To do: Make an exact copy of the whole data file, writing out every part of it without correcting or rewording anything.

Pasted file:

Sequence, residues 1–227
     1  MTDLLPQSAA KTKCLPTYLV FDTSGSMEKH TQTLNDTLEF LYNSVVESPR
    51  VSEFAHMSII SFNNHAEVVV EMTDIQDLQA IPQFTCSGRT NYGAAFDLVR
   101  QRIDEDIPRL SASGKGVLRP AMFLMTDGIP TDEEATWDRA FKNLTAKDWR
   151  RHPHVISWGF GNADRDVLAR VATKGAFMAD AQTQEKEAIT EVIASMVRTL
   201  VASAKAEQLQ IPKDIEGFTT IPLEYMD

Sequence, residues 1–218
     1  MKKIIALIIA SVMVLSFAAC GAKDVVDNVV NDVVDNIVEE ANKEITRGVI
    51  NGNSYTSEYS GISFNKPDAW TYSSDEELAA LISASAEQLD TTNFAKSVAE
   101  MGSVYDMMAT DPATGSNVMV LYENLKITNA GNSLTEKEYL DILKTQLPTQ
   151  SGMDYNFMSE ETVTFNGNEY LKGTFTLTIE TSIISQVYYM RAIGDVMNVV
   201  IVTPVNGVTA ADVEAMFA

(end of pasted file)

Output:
Sequence, residues 1–227
     1  MTDLLPQSAA KTKCLPTYLV FDTSGSMEKH TQTLNDTLEF LYNSVVESPR
    51  VSEFAHMSII SFNNHAEVVV EMTDIQDLQA IPQFTCSGRT NYGAAFDLVR
   101  QRIDEDIPRL SASGKGVLRP AMFLMTDGIP TDEEATWDRA FKNLTAKDWR
   151  RHPHVISWGF GNADRDVLAR VATKGAFMAD AQTQEKEAIT EVIASMVRTL
   201  VASAKAEQLQ IPKDIEGFTT IPLEYMD

Sequence, residues 1–218
     1  MKKIIALIIA SVMVLSFAAC GAKDVVDNVV NDVVDNIVEE ANKEITRGVI
    51  NGNSYTSEYS GISFNKPDAW TYSSDEELAA LISASAEQLD TTNFAKSVAE
   101  MGSVYDMMAT DPATGSNVMV LYENLKITNA GNSLTEKEYL DILKTQLPTQ
   151  SGMDYNFMSE ETVTFNGNEY LKGTFTLTIE TSIISQVYYM RAIGDVMNVV
   201  IVTPVNGVTA ADVEAMFA